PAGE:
The Europeanisation of Britain continues apace as a report in the Daily Mail headed « Police unit aims to catch motorists giving V-sign to speed cameras » clearly shows. The article told of the recent creation of a new police unit, at a cost of £100,000 ($219,000Cdn), consisting of four officers on motorcycles dedicated to catching offensive drivers and those who do not pay their speeding fines. Such offenders face fines of up to £5,000 or six months in jail for these public order offences. Quoting Superintendent John Feavyour, the officer in charge of this new unit, the Daily Mail reported him as saying, « Our staff have suffered verbal abuse and offensive gestures. That is totally out of order and this unit will prosecute those responsible. » This in effect means that not only is your privacy to be invaded but you are no longer allowed to make any gestures of protest. 
          In Canada though there is a glimmer of hope, at least in the private sector. A recent report in the Ottawa Citizen made reference to the implications of the Personal Information Protection and Electronic Documents Act (PIPED) and the use of CCTV in private institutions such as banks and conveniences stores. The article was at some pains to point out that the Act may well not cover camera surveillance by the state and pointed out the obvious fact that Government bodies are covered by their own laws, which the paper characterised as « much more relaxed ». As we have all seen on the TV news, whenever there is protest or a demonstration of any kind the police seem carried away by a sudden desire to exercise their photographic talents. It is obviously in the interest of the police to have cameras installed all over the place so that they don't have to carry their equipment to the site of those activities they wish to film. 
          The Act, which came into effect last January, was used in a case in Yellowknife where the federal Privacy Commissioner, George Radwanski, told a Yellowknife security company that their installation of street surveillance cameras was unlawful. Mr. Radwanski was quoted as saying, « [p]eople have the right to go about their business without feeling that their actions are being systematically observed and monitored. » Mr. Radwanski ruled that both live and recorded video pictures qualify as « personal information » under the Act. However, he did acknowledge there may be instances where it is appropriate for public places to be monitored for public safety reasons, but that such surveillance must be limited to instances where there is a demonstrated need. The article mentioned too that the Privacy Commissioner is conducting an investigation into the issue of CCTV monitoring but would not be commenting until his probe is complete. 
          According to a lawyer quoted in the piece, a Mr. Mantas, « I could walk into a bank and ask them to turn off the camera because it violates my privacy rights. » He added, « [t]hat would certainly put them in a huff ... (but) it would be against the law for the bank manager to decline. » Mr. Mantas was of the opinion that the Act has broader implications, such as the workplace surveillance of employees and the use of video for consumer profiling. Speaking of the public-private divide Mr. Mantas was quoted as saying, « I think it's quite troubling. Are we to see a situation where people's privacy is being enhanced in the private sector, but it is being less protected at the level of the state? »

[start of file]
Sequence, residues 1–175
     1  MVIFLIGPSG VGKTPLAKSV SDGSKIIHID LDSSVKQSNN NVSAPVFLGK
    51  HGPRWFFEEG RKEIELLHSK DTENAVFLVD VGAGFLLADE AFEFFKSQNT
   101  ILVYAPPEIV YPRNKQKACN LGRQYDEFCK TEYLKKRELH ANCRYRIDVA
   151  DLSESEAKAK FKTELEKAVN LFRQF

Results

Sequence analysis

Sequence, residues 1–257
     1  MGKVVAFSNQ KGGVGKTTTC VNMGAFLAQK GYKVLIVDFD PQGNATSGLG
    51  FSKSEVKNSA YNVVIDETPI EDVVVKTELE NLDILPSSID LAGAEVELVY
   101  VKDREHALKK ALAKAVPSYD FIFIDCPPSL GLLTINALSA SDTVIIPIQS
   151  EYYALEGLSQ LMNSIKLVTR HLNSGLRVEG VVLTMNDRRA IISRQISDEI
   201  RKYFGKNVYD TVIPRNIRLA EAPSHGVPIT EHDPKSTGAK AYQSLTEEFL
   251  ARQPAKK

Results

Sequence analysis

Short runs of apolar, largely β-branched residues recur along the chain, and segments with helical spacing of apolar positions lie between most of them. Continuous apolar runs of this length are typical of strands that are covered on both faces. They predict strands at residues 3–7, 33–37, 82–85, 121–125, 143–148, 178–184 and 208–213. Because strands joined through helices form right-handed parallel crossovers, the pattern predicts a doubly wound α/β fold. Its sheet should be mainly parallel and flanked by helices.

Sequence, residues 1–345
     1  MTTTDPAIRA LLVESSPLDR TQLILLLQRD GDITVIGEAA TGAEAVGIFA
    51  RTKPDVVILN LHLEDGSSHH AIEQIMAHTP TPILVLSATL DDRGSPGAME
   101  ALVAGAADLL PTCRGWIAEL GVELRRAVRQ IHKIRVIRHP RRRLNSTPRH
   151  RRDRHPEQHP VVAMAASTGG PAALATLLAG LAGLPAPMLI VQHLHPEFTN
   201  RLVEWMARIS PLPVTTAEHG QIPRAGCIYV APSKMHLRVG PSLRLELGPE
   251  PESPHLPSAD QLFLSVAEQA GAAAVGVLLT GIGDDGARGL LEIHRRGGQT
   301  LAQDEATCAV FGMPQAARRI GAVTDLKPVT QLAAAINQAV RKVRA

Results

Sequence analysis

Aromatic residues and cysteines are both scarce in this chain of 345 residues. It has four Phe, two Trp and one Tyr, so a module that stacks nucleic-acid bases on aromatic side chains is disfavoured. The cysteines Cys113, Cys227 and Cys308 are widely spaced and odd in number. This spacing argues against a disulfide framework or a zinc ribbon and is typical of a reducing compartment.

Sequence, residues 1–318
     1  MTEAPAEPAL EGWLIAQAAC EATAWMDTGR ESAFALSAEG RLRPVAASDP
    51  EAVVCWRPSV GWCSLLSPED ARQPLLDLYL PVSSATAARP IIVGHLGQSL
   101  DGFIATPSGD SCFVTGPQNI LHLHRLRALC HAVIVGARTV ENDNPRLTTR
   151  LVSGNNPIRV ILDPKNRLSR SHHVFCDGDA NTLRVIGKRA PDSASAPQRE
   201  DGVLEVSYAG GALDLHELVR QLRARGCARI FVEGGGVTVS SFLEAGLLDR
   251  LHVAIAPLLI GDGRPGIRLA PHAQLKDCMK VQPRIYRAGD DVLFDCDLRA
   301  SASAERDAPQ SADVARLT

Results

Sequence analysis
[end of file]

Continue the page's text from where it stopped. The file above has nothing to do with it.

Nothing to hide 
          The news of Mr. Radwanski's decision was not greeted by the plaudits of those who supply this equipment, and the spokesman for the Canadian Alarm and Security Association, Steve Kelly, was quoted making the usual fatuous remarks. « I would think that the invasion of privacy is dwarfed by the crime prevention that video provides, » he said, « If you don't have anything to hide, why should you be upset with someone taking your picture? » Of course, in 1930s Germany, « Law-abiding-Jews » had « nothing to fear » from the race laws. Then, « ordinary Law-abiding German working people » (who are not Jews) had « nothing to fear » from the « next » race laws. If this argument has validity then it should provide the perfect defence for anyone accused of stalking or who insist on peering into the bedroom windows of private homes. 
          Sudbury has the dubious honour of being the first Canadian city to use closed-circuit television to monitor public streets. They have five cameras feeding into the Sudbury police station and they claim a 38% reduction in robberies and assaults. This may well be true, but what is not known is whether such crimes have increased in other nearby, unmonitored, areas. 
          More and more we see, in every demonstration, the use of face coverings of one kind or another. Perhaps the most obvious example was the fight against local oppression in Chiapas put up by the Zapatistas whose personal anonymity made life difficult for the Mexican forces. In the demonstrations of Seattle, Quebec and Genoa and even in the occupation this week, by the allegedly homeless, of a house in Montreal many participants covered their faces. Most of the faces stored in police databases are not those of criminals but those whom the state wishes to keep an eye on. 
          Undaunted by Radwanski's action in Yellowknife, Vancouver police are seeking the funds to install cameras in a crime ridden area of that city. The new BC government, perhaps in a moment of enlightenment, banished photo radar from the province's highways. One hopes that these small moves will lead to the abolition of this most pernicious invasion of the citizen's privacy and encourage other jurisdictions to follow suit. One can be optimistic still, even at my age. 
Previous articles by Ralph Maddocks
<< retour au sommaire